In the Classroom is a new monthly feature created to take you inside a different Chicago-area classroom, introduce you to the Urban Gateways Teaching Artist who is working there, and share with you the experiences of the teaching artist and their students.
This month, we want you to meet three of Urban Gateways newest teaching artists! Each year, we welcome a handful of new teaching artists to our roster. After a rigorous application and interview process, a select few are asked to participate in professional development, as well as a provisional residency in the fall. Depending on the outcome of those short-term residencies, the teaching artists are then asked to officially join Urban Gateways roster.
We have some incredible new teaching artists this year. Below is a look inside three provisional residencies led by visual artist Jillian Gryzlak, media artist Hondo Lawrence, and media artist Jesse Avina. And definitely check out the photo slideshow of the residencies, as well.
Jillian Gryzlak – A Place for Everyone in the World
The first graders at CICS Loomis were already learning about the mapping of physical space, when Jillian arrived for her month-long residency entitled A Place for Everyone in the World. She wanted to take the idea of mapping one step further by exploring the mapping of an abstract thought or emotion. Through brainstorming, writing exercises and games, Jillian and the students examined how they react emotionally to their world, specifically exploring questions like:
- What is the definition of emotion?
- Are you aware when you shift from one emotion to another?
- How can we symbolize emotion with color and line?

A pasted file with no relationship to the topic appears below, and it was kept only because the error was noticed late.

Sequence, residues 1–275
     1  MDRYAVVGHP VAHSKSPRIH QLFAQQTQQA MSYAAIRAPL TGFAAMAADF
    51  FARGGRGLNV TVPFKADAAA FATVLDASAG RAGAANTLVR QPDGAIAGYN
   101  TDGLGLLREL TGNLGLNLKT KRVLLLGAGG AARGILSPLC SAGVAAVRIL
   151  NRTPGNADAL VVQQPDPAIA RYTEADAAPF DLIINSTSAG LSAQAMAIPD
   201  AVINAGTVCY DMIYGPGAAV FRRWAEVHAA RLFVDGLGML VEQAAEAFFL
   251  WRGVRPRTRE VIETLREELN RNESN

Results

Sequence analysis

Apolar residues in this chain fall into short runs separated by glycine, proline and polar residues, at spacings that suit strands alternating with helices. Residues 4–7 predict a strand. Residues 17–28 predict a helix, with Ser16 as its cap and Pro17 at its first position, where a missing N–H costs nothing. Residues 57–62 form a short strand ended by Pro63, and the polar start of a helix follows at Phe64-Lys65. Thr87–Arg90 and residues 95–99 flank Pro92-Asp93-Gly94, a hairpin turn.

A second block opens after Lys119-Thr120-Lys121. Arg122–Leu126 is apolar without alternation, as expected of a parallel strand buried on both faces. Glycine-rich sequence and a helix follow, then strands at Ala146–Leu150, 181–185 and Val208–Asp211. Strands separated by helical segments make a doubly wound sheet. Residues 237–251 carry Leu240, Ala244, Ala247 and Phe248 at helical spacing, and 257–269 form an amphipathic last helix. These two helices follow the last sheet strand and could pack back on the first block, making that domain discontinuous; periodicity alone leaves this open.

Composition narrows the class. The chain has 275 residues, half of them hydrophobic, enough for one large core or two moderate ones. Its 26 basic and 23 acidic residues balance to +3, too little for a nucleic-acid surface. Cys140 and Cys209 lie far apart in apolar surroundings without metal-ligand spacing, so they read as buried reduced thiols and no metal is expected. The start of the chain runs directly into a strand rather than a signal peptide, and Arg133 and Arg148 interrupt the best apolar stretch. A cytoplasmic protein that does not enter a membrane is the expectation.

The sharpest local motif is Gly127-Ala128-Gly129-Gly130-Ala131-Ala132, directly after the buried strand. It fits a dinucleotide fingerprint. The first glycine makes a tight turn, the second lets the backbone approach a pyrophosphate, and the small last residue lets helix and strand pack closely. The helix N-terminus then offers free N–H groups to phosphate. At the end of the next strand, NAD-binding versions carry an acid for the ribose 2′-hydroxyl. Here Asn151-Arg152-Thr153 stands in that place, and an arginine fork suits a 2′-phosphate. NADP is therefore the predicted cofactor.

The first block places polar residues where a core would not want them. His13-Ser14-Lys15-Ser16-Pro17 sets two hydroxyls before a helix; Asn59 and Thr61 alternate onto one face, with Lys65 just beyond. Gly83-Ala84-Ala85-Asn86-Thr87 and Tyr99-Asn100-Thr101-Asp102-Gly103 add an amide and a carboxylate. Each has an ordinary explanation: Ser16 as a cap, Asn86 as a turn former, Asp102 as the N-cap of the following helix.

The students then created buildings that symbolized the emotions they had explored, and finally laid them all out together in an emotional city. “A main highlight of this residency was learning that one student, who rarely shares his thoughts and work, due to having difficulty in many subjects, was one of the students raising his hand to answer every question and share his artwork at every chance. He felt comfortable and confident while making art and creatively writing, I am so happy that he found this confidence within himself and hope he continues to make art and find the confidence in other subjects”. Hondo Lawrence – Universal Declaration of Human Rights Posters For his residency, Hondo Lawrence worked with seniors at Perspectives High School of Technology. The residency was inspired by Woody Pirtle’s Poster Series for Amnesty International, which is based on the Universal Declaration of Human Rights developed by the U.N. In his research, Hondo discovered that the U.N. declaration was intended for school students and decided that the posters would be a perfect way to introduce students to human rights and to support students in creating their own Human Rights Poster. For their posters, Hondo invited the students to use original drawings and photographs, as well as to create their own images using Adobe Photoshop. And while they were free to explore images, color and layout, Hondo prompted them to all use the same font to unify the posters. After the posters were complete, students participated in group critiques based on graphic design elements and discussion about the human rights themes from the posters. The students then shared their posters with their peers by displaying them at the school. Most students were very enthusiastic, and the teacher was really into the whole curriculum. I loved the posters and how the students conquered their imagination and asserted themselves within Photoshop, which has many buttons and tools. When I looked in their eyes I saw respect and admiration. I feel that they saw within me a gift or certain skills that they wanted to possess and trusted me that I could provide them with the same. Many of them were already artists and just never really had that sort of push or guidance to create such a project. Jesse Avina – Listen to me… I want to tell you something When Jesse Avina met with Erin Kerrigan, a teacher at Perspective Calumet High School of Technology, she said her eleventh-grade students were interested in talking about violence, particularly the sort they encounter every day in their neighborhoods. As Jesse has also dealt with violence as a theme in his artwork, he considered this an excellent opportunity to expand upon his own investigations and introduce the students to artwork that does the same. Through writing exercises, Jesse and the students explored, discovered and shared the issues and problems that were immediately and directly affecting them as individuals. These topics ranged from racism and teen pregnancy to global warming and mass consumerism. In the end, each student created a short video that served as a proclamation of his or her concerns, worries, and frustrations that are not addressed by mass media outlets. Jesse and the classroom teacher then met with each student to discuss the message and its effectiveness, and offered suggestions for future explorations on the topic. Students also gathered in small groups to view each other’s completed work. My favorite question was posed to me within the first ten minutes of the first class. “I am an artist.” I said. “Yeah, but what do you really do?” asked a student. “Well, I make art.” I replied “But what is that?” she asked. “Uh…” I replied. I answered the question after a momentary pause, but I was caught off guard by her confusion as to the role of a contemporary artist. This was very refreshing in a way; I mean there is starting with a clean slate and then there is starting without a blackboard at all. This question came at the beginning of the residency and allowed me to approach teaching the concepts and themes of the course in a straightforward manner that did not make presumptions on their exposure to video art. As a result the students showed no hesitancy in asking questions or expressing their opinions on the art pieces we viewed.